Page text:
Queen Anne, Queen Anne, has washed her lace
(She chose a summer's day)
And hung it in a grassy place
To whiten, if it may.
Queen Anne, Queen Anne, has left it there,
And slept the dewy night;
Then waked, to find the sunshine fair,
And all the meadows white.
Queen Anne, Queen Anne, is dead and gone
(She died a summer's day),
But left her lace to whiten in
Each weed-entangled way!
By Mary Leslie Newton
Queen Anne's Lace, the white flower (some might say weed, I choose wildflower) pictured above is rampant around here now. It carpets fields, roadsides, ditches, and embankments.
The one above lives in our daffodil field. I particularly loved the contrast with the purplish/reddish flower beneath it. Did you know that Queen Anne's Lace is also known as the carrot flower or wild carrot? Me either until today. I love the internet.
Have a wonderful Sunday.
p.s. Blog Fest is Thursday. I say this as a reminder only to myself, because my house currently looks like Hooraw's nest* and procrastination is no longer an option.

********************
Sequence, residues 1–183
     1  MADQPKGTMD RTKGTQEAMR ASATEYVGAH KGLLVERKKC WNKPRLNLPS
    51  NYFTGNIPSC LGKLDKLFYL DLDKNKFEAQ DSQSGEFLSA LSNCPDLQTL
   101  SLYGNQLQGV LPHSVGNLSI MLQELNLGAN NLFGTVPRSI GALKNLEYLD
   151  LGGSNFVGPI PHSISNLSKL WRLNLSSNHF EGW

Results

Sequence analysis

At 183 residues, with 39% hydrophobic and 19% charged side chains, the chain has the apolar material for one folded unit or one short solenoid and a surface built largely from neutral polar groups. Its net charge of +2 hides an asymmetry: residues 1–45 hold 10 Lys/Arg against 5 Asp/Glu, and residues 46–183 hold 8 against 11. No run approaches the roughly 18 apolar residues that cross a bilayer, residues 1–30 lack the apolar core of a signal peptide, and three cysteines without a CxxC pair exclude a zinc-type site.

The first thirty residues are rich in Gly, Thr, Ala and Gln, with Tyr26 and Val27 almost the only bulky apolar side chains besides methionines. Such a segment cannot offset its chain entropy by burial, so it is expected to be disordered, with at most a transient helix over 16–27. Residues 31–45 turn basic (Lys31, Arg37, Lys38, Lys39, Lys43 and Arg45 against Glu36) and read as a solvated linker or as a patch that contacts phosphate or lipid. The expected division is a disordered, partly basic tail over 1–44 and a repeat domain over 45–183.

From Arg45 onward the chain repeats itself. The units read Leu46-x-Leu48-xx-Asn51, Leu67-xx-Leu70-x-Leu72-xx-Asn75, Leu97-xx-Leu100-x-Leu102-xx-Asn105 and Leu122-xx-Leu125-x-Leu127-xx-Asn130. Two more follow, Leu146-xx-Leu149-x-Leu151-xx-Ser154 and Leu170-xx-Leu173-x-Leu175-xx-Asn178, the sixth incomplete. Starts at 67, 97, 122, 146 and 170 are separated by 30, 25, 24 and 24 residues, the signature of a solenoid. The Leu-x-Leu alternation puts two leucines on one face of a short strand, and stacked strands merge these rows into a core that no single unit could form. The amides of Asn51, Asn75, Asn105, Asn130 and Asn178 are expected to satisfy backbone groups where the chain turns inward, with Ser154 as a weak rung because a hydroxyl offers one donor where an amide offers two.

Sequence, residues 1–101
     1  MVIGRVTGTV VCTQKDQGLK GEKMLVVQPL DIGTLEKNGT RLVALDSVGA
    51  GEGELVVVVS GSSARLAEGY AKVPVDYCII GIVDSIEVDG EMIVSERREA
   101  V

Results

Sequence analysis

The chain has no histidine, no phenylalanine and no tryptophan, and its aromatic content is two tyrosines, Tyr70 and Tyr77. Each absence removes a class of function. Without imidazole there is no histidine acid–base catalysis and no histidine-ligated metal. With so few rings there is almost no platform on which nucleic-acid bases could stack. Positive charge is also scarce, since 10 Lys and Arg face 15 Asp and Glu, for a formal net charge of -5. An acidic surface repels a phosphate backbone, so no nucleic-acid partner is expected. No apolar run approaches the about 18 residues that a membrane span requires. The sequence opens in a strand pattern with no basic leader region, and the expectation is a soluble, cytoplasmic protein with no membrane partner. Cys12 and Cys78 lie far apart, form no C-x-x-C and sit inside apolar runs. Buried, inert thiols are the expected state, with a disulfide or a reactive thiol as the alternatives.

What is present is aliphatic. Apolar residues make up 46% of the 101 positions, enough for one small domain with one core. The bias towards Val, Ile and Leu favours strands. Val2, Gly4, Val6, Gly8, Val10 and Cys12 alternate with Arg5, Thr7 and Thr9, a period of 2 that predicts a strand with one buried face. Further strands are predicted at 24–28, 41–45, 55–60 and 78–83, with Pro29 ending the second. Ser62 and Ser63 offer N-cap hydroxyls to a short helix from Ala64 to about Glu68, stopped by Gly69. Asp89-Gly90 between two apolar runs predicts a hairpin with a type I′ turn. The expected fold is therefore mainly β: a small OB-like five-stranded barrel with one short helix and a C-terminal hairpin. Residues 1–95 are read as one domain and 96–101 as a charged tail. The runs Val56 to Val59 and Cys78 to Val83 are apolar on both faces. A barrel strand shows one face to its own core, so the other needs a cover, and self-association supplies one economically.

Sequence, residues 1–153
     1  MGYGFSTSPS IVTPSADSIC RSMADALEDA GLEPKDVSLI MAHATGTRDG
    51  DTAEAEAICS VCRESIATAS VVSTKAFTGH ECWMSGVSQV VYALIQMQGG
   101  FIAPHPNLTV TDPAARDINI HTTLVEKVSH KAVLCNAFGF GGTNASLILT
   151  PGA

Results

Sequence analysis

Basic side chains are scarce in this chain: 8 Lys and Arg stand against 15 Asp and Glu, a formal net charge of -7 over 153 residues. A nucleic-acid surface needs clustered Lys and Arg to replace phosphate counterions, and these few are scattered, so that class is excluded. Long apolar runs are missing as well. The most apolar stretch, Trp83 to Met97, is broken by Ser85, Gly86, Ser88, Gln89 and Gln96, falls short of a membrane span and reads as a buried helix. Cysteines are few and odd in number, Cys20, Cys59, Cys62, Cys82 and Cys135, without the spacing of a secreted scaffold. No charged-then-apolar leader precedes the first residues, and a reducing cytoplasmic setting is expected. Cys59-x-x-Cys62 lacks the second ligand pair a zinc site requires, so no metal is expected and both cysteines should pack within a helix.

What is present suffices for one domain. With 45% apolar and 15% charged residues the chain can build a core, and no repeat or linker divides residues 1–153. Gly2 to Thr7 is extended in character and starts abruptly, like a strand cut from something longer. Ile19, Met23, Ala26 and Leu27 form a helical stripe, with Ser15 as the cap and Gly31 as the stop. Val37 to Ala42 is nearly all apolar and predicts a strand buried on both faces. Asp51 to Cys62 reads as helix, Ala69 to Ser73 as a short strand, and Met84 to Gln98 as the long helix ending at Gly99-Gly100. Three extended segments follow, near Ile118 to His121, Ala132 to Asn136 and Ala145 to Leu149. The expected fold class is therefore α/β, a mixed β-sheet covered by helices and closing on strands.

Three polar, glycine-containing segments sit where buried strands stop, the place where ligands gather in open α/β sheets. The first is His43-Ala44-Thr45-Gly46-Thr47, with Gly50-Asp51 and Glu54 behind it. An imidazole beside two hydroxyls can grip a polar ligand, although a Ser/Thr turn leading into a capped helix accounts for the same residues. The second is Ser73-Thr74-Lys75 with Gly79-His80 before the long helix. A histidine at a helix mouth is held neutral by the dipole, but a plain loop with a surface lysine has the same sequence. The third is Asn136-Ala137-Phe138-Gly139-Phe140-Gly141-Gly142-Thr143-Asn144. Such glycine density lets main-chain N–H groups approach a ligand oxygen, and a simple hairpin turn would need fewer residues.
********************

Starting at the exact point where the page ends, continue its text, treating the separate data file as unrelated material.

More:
*What is a hooraw's nest, you may ask? Excellent question. Allow me to procrastinate further by telling you that my grandmother always told me my hair looked like Hooraw's nest, and she was not being complimentary. Turns out, it's spelled and explained as follows:
A "hurrah's nest" is indeed a terrible mess or scene of commotion and confusion, and the phrase dates back to at least the early 19th century. The "hurrah" involved is the same "hurrah" we shout when the home team wins, a cheer of exultation that dates back to around 1686. "Hurrah" has close relatives in several European languages and was probably (like the earlier "huzza") developed from the throaty shouts of soldiers charging into battle.
In 19th century America, "hurrah" came into use as slang noun for "an uproar, a commotion," and anything wild and lawless was described as "hurrah."
With "hurrah" meaning "disordered," it made sense for something very, very tangled or disorderly to be described as a "hurrah's nest," as if the "hurrah" were a creature with bad housekeeping habits. There is some evidence that "hurrah's nest" was first used by sailors to describe a tangle of lines aboard ship.
Definition stolen from word-detective.com.